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Long-lasting ‘Memory’ of Early-Life Pain Retained by Immune Cells

Early-life trauma has the potential to alter the genetic development of the body’s pain response mechanism, creating a lasting pain “memory” that can influence how the body reacts to injuries later in life, as per a study published in Cell Reports by researchers from Cincinnati Children’s. Recent studies have highlighted the phenomenon of the human body retaining the memory of pain from infancy, including experiences like critical surgeries, well into adolescence.

These early encounters seem to impact the genetic evolution of a child’s pain response system, leading to heightened sensitivity to pain in the future, with females being more susceptible to these changes. The latest research conducted by Cincinnati Children’s experts has identified the specific cells and processes responsible for the formation of this enduring pain memory. Published online on April 18, 2024, in the journal Cell Reports, the study reveals that significant alterations occur in developing macrophage cells, a crucial component of the immune system.

Dr. Michael Jankowski, the corresponding author and Associate Director of the Pediatric Pain Research Center at Cincinnati Children’s, explains that their experiments shed light on how pain memories impact newborn females over extended periods. The data suggests that following an early-life injury, an epigenetic modification occurs in macrophages, leading to heightened pain responses to subsequent injuries later in life, distinct from inherited gene variations.

Although male mice subjected to similar early-life injuries exhibit the same epigenetic changes, they do not retain the same long-term pain memory observed in females. Further investigations revealed similar changes in a gene known as p75NTR within human macrophage cells.

In female mice, the effects of pain memory persisted for over 100 days post-injury, causing the generation of macrophages that were predisposed to heightened responses to injuries, thereby intensifying the experience of pain. In a human context, this timeframe would equate to approximately 10–15 years.

The researchers were surprised by the profound impact of a localized injury on the broader epigenetic and transcriptomic landscape of systemic macrophages. This newfound insight into neonatal pain memory underscores the fundamental disparities in genetic activity between a developing newborn immune system and that of adults, posing challenges in tailoring recovery care for newborn and infant girls.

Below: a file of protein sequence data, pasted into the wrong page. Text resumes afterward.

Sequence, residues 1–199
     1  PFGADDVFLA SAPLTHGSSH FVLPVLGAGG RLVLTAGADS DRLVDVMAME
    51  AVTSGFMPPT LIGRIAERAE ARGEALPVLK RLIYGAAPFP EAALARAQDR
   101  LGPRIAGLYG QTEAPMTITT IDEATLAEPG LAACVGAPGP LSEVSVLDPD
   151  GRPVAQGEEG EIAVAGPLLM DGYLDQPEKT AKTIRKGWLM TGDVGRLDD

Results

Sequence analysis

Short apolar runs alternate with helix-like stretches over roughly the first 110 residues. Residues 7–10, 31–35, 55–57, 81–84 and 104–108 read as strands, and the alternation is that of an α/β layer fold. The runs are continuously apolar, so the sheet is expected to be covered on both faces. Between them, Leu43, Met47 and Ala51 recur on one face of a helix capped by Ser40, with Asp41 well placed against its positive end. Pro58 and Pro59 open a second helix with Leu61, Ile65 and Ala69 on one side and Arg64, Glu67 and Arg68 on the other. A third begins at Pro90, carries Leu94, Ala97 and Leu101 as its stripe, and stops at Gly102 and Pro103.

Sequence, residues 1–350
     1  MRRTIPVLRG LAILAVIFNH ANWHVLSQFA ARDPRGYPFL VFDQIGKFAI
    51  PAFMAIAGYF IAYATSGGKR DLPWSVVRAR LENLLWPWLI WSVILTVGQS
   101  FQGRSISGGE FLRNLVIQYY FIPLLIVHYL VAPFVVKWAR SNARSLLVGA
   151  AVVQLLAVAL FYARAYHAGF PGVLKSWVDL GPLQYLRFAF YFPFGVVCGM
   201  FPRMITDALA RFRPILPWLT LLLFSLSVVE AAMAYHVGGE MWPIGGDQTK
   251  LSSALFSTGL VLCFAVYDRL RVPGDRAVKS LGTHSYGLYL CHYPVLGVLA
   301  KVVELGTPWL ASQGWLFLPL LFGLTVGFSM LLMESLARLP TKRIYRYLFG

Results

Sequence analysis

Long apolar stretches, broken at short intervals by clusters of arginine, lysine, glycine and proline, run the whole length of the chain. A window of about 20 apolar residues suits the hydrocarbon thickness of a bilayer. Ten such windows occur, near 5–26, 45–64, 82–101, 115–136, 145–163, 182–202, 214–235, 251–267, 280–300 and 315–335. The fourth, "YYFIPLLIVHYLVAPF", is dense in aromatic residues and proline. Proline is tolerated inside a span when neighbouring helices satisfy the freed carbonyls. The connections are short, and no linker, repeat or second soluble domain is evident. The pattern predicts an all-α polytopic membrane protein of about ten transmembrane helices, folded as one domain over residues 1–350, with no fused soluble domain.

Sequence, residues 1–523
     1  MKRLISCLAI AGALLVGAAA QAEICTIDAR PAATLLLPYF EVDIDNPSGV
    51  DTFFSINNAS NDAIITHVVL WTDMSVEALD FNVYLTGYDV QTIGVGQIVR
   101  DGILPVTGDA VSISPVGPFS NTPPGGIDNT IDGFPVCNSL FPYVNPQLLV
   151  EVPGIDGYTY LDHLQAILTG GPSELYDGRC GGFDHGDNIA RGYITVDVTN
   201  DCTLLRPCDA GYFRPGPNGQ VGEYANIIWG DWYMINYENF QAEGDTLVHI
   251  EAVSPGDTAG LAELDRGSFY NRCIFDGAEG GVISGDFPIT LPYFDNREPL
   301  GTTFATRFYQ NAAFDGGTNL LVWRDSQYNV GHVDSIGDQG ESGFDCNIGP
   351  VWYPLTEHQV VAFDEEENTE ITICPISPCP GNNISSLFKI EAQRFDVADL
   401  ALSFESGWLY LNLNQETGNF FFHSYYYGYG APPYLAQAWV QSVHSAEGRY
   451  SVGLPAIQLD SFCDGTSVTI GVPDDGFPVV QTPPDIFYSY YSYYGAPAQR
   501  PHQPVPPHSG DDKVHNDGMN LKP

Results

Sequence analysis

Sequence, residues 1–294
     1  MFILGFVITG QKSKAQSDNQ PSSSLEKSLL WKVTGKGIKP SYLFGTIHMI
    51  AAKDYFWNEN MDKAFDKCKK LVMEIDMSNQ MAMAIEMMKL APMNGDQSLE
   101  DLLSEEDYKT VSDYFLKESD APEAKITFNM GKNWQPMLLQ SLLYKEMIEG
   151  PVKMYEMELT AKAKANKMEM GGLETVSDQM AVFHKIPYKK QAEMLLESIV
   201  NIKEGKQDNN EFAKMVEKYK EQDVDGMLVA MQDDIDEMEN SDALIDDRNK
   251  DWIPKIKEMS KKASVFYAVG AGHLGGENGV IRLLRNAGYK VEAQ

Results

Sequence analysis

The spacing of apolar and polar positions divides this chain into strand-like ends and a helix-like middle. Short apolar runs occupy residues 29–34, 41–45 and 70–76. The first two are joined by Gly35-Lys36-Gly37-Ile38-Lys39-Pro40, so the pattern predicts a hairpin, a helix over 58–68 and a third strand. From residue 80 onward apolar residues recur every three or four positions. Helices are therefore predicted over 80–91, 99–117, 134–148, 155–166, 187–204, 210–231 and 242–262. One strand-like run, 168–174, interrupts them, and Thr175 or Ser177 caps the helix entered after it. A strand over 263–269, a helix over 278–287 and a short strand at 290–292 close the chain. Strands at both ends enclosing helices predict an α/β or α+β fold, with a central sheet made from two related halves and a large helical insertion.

Dr. Jankowski emphasizes the need for more targeted treatments to prevent the reprogramming of immune responses in light of these findings, suggesting that a mere adjustment in pain medication doses may not suffice. The study’s next steps involve leveraging this knowledge to devise therapies that can effectively manage immune “pain memories.”

While blocking the p75NTR receptor in young mice showed promise in mitigating prolonged pain-like behaviors by impeding macrophage communication with sensory neurons, the safety and efficacy of such approaches in targeting human macrophages remain uncertain. Dr. Jankowski highlights the potential of emerging technologies to selectively block the p75NTR receptor in macrophages but underscores the necessity for extensive research before clinical trials in humans can be considered.

The study’s co-authors from Cincinnati Children’s span various departments, including Anesthesia, Bioinformatics, Experimental Hematology and Cancer Biology, Infectious Diseases, and the Center for Autoimmune Genomics and Etiology. The research findings, as detailed in the study published in Cell Reports in 2024, offer valuable insights into the enduring impact of early-life pain experiences on the immune system.

For more information, refer to the publication:

Adam J. Dourson et al, Macrophage memories of early-life injury drive neonatal nociceptive priming, Cell Reports (2024).


Immune cells carry a long-lasting ‘memory’ of early-life pain (2024, April 18) retrieved 18 April 2024 from